UPDATED STATEMENT (WEDNESDAY, 3 JANUARY, 2018 - 10am)
HIGH NUMBERS of acutely unwell patients continue to be admitted via Milton Keynes University Hospital’s Emergency Department.
Additional beds are open throughout the hospital in order to admit patients who need specialist acute care as quickly and safely as possible. This includes using surgical wards fully and using the hospital’s day surgery unit and other suitable clinical areas to admit patients attending the hospital as emergencies. These ‘escalation areas’ all have safe and appropriate nursing and medical cover.
The hospital has seen higher than usual numbers of ambulances, and has been working well with South Central Ambulance Service to avoid delays in ambulance handovers.
On average, the hospital’s Emergency Department and Urgent Care Centre has seen approximately 450 patients every day. The Emergency Department is seeing more patients who are more clinically unwell than usual. The majority of these patients are elderly and suffering from medical conditions, including respiratory and cardiac illness and acute infections. A number are also suffering bone fractures following falls.
The Emergency Department has remained open at all times. The hospital currently has no ward closures due to infective illnesses like norovirus (vomiting and diarrhoea virus). The hospital has seen a number of patients with influenza, but numbers of patients with the flu virus seeking acute care are currently average for the time of year.
Chief Executive of Milton Keynes University Hospital, Professor Joe Harrison, said: “The hospital remains under pressure, with high numbers of patients who are more unwell than usual. That means our Emergency Department is seeing patients who are clinically sicker than is typical and therefore need admitting to the hospital.
“This puts significant strain on hospital beds and means we are using escalation areas – or extra beds – across the hospital in order that patients can be admitted as quickly as possible and safely cared for.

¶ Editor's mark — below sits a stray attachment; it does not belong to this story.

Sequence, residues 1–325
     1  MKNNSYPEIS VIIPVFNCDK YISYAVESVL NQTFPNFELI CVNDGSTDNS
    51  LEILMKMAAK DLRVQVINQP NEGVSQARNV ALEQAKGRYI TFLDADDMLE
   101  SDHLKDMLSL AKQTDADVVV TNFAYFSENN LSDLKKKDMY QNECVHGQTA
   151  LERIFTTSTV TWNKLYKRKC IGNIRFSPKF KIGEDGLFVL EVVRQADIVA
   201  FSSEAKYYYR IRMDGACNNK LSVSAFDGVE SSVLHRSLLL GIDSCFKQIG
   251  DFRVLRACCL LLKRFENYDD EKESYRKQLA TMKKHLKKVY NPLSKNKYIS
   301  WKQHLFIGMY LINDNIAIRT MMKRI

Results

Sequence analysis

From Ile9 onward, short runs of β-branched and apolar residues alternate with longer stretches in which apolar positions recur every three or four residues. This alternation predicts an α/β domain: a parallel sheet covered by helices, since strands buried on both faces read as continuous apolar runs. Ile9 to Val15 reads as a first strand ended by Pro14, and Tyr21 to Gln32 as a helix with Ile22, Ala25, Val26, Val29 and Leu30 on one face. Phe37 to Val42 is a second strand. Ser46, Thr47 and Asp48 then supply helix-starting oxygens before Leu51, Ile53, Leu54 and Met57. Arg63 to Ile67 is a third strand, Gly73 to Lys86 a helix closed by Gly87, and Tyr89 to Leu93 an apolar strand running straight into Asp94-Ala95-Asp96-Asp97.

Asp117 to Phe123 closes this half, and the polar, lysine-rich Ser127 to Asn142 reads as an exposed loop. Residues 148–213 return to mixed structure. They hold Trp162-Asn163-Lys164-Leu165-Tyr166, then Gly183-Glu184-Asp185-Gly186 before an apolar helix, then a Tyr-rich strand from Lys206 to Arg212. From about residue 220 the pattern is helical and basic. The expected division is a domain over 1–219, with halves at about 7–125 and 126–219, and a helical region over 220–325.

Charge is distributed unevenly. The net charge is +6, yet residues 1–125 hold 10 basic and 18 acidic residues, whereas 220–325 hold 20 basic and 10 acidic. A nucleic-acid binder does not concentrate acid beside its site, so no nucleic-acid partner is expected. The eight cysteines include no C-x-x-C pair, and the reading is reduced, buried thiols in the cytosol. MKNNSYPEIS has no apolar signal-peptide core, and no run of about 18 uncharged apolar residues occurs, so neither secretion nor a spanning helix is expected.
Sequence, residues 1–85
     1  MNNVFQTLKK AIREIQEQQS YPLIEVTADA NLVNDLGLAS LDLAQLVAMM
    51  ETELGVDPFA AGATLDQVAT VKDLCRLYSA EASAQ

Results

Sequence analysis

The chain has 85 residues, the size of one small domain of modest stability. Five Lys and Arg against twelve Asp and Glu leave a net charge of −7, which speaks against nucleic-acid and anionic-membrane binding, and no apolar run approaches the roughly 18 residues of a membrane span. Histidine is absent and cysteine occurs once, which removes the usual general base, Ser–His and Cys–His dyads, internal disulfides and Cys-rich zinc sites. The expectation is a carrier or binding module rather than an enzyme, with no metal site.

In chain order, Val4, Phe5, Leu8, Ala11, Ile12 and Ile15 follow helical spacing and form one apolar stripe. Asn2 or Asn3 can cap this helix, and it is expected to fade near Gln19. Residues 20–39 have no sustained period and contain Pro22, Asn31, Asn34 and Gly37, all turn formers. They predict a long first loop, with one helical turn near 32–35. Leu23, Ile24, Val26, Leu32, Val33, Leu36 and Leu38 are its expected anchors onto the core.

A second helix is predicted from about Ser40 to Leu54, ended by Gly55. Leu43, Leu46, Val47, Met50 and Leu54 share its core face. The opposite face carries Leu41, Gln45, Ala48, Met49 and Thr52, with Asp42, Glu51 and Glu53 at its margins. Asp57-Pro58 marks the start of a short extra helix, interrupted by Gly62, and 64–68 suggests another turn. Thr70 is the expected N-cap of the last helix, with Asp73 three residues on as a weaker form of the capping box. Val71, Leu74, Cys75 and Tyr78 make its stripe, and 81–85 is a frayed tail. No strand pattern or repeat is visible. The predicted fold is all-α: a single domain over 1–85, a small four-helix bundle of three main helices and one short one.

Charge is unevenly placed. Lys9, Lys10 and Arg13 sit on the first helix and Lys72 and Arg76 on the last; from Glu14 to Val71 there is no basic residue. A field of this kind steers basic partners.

“We have planned extensively for the predictable period of high demand around Christmas and into the New Year. Although we remain under significant pressure – and are likely to for some time – it is thanks to the massive efforts of our staff that we continue to provide safe care.
“We are not in a crisis, but have experienced days where our capacity has been stretched beyond normal limits. This pressure is undoubtedly challenging for staff to work under, particularly for sustained periods of time.
“I am very grateful to and proud of how hard our staff work and their unwavering commitment to patient care. I know it is not enough to simply say thank you - those who do the caring do, in turn, need to be cared for and supported to work safely, without intolerable stress.
“We strive to provide that support to our staff through peer networks and an extensive health and wellbeing service. We also strongly encourage staff to report concerns about safety – both of patients and in their working environments. I would add that anyone using the hospital in any capacity can report concerns via the Patient Advice and Liaison Office or ward/ departmental staff.
“Finally, I would add that patients who are booked for planned operations or procedures may experience these being postponed when demand for emergency care is particularly high. I appreciate how difficult and upsetting this can be for those affected and we will do our utmost to keep postponements to a minimum.”
Regular updates will continue to be posted on our website.